Catskill Catalog: June 24, 2009

Today, the term Yankee refers to the baseball team in the Bronx or, perhaps, to any American abroad, but once the term clearly identified New Englanders. The Red Sox Nation of the six states of New England (can you name them?) must swallow hard and recognize that they were once, eek, Yankees!
At the time of the American Revolution, settled New York was pretty much limited to the lands of the Hudson Valley from New York City to Albany. Yorkers, as they were called, were a mixed lot, often termed Dutch, although settlers who traced their ancestry to Holland were merely one part of a polyglot mix of French Huguenots, Flemish Walloons, Palatine Germans and others who spoke any of the 18 languages common to New York at the time of independence.
America’s first internationally acclaimed writer was Washington Irving, a New Yorker who invented for his state a colorful mythic history rooted in Dutch-ness. Rip Van Winkle, the literary character, was that exceedingly rare lazy Dutch farmer who’d rather drink than work, and found himself among Hendrik Hudson’s Dutch mariners playing a game of ninepins. Henry Hudson was an Englishman, but for the readers of “Rip Van Winkle,” the Dutch Hendrik captured more colorfully the exotic history of New York.
Dietrich Knickerbocker was Irving’s invented historian of New York, a literate and amiable old Dutchman who symbolized the city and state’s difference from the Yankees of New England. Ironic it is that Manhattan’s basketball team and the baseball team from the Bronx share the city as icons of New York-ness.
How did Yorkers become Yankees? As one might guess, the Catskills had something to do with it. Cheap land in the Catskills, that is.
Rip was from the Village of Catskill, but his was the old Dutch Catskill, today the hamlet of Leeds. The Village of Catskill we know today was an English invention, an extension of the old Dutch landing called Het Strand. The Strand – many still refer to the Rondout waterfront section of Kingston by that name – was a place to load and unload supplies, not a place to live. The fertile flatlands up hill and inland were more attractive homesites to the Dutch.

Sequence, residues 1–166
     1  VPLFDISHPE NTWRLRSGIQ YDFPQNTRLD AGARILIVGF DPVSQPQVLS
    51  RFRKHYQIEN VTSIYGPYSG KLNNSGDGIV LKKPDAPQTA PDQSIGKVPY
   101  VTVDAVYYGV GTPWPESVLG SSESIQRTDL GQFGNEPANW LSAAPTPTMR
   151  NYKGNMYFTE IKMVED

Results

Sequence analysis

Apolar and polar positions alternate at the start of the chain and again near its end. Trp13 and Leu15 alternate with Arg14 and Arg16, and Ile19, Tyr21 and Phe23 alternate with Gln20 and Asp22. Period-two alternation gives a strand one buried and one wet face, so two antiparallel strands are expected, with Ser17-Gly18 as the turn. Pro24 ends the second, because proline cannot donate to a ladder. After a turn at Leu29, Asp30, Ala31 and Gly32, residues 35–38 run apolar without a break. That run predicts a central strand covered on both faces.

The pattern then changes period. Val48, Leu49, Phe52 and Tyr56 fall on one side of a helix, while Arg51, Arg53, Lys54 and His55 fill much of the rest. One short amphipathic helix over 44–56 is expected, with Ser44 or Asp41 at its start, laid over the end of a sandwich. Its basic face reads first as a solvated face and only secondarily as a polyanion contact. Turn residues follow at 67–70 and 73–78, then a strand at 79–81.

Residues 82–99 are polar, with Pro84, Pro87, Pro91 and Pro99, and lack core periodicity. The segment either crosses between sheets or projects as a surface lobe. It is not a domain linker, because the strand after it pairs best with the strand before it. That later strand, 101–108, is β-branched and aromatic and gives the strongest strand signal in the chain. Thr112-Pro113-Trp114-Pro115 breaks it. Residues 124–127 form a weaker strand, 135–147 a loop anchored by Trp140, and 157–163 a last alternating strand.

Not so the New England Yankees, who transformed Het Strand into Catskill, a port and commercial center developed by New England business and professional men shortly after independence. Yankees were moving west.
The Hudson River had long been the actual, authentic boundary between New England and New York. Border disputes were common among New York, Massachusetts, and Connecticut right into the 1800s, the lands east of the river claimed by each. Drive east from the Hudson and you pass into Massachusetts and Connecticut without any natural border marking the change. You’ve already crossed the natural border: the Hudson!
The City of Hudson, on the east bank of the river, was always a Yankee town, settled by whalers from Nantucket and Martha’s Vineyard. In the first half of the 19th century, Hudson was home to a whaling fleet second only to the New England whalers of New Bedford and those Massachusetts islands.
The plentiful empty lands west of the river in the old Hardenbergh Patent were mighty tempting to those east-bank Yankees, and, soon after independence, sawmills and iron foundries, barrel-stave mills and bell factories sprang up in the northern Catskills, the products of Yankee ingenuity and Yankee pluck.
The incursion from Hudson was just the beginning. New York State historians refer to the years between 1790 and 1820 as “The Yankee Invasion of New York,” and nowhere was that invasion more transformative than in the Catskills.
Settlements like Durham, Windham, and Westkill were like model New England hamlets, complete with Presbyterian Church, library, meeting house, and whipping stocks.
The population of New York State bloomed from 340,120 in 1790 to 1,372,812 in 1820. A huge birth rate – most families had more than seven children – was partially responsible, as was a tremendous influx of settlers who migrated from New England.
Englishman William Cobbett met an emigrant from New England in 1818. “He has migrated,” Cobbett wrote. “His reasons are these; he has five sons, the eldest 19 years of age, and several daughters. Connecticut is thickly settled. He has not the means to buy farms for all the sons there.” Cheap land was the answer.
The Catskills abounded in cheap land, and Yankees flocked into the mountains. Today, the Catskills still boast our share of Van Luevens and Van Benschotens and Dutchers, but we have many more Sanfords and Fairbairns and Millers. Woodstock and Roxbury, Shandaken and Shokan still have Reformed Churches, descended from the Dutch Reformed, but many more Presbyterian and Methodist churches grace our towns.
Many Catskill Mountain towns, such as Stamford, Colchester and Andes, were founded by Connecticut migrants, even, in the case of Stamford, named after the town back home.
And while the New York Yankees are world famous, no one speaks of Yorkers any more.
Perhaps, we should bring back the term.